Friday, July 10, 2009

So what is anthropology?

- chemist I met at the bar last night. Followed up by "So.. what's the application of that?"

At the Society for Applied Anthropology Conference last March, I was happy to meet a few grad and senior undergrads like myself questioning the entire idea of anthropology. One girl had done an undergrad project in West Africa, had the time of her life, but began wondering about the cultural distances that will always separate her from the people she studied, and that if this alienation would be mutual between the "anthropologist" and the "subject," then what gives us the right to be the ones to speak for them? Another girl was researching tattooing trends in her hometown, for what seemed to be quite that reason. Why go talk about someone else's culture when there is so much to learn about your own? And finally, the most memorable, the guy who, for his conference talk, read aloud a semi-fictional story he wrote which condemned anthropologists as a class of people who profit from the stories of the less fortunate.

When I asked him what he wanted to do for his graduate work, he said probably auto-ethnography, which made perfect sense when he said that he was half (or fully? I can't remember) Latino, like myself. Anthropology has historically demanded that you isolate yourself from your subjects in order to get the most "objective" observations. This illusion might have been easier to maintain when practices and expressions of every day life were radically different between the observer's personal history and the observed's, but it's almost impossible when these alternative practices and expressions are already familiar to the anthropologist through heritage or other personal history.* Now that anthropology has become accessible to that historical "other," and global exchanges and modern communications have led more people to think more reflexively about "cultures," the historical "self/other" dynamic consciously dissolves. It is almost impossible to ignore the fact that the context of the observer is just as complex, fluid and transient as the observed, and auto-ethnography is one way for the anthropologist to reconcile with this realization.

For a while anthropologists could get away with just talking to other anthropologists, consumers of "exotic" cultures, some lofty grant societies and government officials. They could get away with only being one-way translators, but that is sure to change with new media and more "halfies" joining the study. The discipline itself has resisted bursting wide open, I think partly for fears of complete obliteration at worst and the identity crisis that would ensue at best, but more perhaps because the anthro's livelihood typically depends on writing to other anthros more than service, communication, and activism in the communities in which they live and/or study. To me, the only thing that will save it from the circus it would (or has) become is to do just so. Burst wide open.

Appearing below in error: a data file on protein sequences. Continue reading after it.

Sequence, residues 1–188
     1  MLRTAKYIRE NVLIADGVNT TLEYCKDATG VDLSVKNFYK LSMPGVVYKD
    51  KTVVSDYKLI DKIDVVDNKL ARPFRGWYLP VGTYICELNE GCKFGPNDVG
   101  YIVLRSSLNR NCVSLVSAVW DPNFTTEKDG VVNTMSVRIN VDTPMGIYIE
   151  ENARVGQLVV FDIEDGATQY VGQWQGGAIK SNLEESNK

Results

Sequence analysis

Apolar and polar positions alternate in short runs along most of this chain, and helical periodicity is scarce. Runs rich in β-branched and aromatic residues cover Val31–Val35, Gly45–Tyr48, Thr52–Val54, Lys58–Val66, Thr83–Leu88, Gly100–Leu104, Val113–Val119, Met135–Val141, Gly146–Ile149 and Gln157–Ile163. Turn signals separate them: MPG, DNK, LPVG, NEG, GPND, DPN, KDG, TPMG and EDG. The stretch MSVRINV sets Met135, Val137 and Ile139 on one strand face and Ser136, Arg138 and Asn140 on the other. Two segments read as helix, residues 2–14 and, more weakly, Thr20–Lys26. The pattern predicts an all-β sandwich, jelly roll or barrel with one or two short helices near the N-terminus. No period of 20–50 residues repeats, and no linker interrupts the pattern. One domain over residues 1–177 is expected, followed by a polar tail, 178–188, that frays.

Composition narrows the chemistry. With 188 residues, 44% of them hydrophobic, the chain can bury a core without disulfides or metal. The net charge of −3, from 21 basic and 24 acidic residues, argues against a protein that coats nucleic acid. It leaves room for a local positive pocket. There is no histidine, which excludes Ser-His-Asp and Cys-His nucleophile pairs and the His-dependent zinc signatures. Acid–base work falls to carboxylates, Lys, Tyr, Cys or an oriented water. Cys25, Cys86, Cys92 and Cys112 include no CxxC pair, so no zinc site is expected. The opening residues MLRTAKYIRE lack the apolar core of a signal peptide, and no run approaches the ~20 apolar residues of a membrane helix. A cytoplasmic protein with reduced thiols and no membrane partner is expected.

It's time to start sharing. It's time to stop claiming "multilingual" and "progressive" and "culturally literate" if we can't bring it outside the intellectual class, who tend to be privileged if we have the kind of time to write and publish about the problems of the economically peripheral (though demographically dominant) world. Isn't it ironic that we claim to be so good, we can get in with some other exotic culture on the other side of the world, but we don't know how engage with those in our hometown communities? Back to Anthro 101, everyone. Get on the radio, on the TV, in the magazines, in the libraries and high schools. Talk about the villainization of the Arabs and Muslims in the media, talk about the medicalization of illness, talk about what it takes for someone to leave their home country for any reason. Treat patients, teach literacy, and get on environmental justice projects. We're not talking rocket science, or physics or cosmology, even though Einstein, Sagan, and Hawking all did it.

Although SfAA members are a biased sample, it was encouraging to find people sharing these sentiments at the Conference, who I believe are part of a growing trend. Aside from talk of auto-ethnography, studying up or studying home, doing something different altogether, and most appealing to me, collaborative research, we need to turn ethnography inward, I mean, really inward, not to our own society, but our own culture of anthropology. Is there a way to resist the publish or perish standard? Can we switch out doing a paper or two on, say, a review of Amazonian hunting practices for presenting a lecture at a town library? Can we find stipends for work at immigrant service centers, or teaching cultural literacy at a local high school? Can we propose a collaborative master's, or even doctoral, project?

Will we ever stop finding ourselves in family gatherings, parties, and bars trying to explain what it is that we do?

* Lila Abu-Lughod, an Egyptian anthropologist who studied Bedouin tribes in her native country, termed such people "halfies."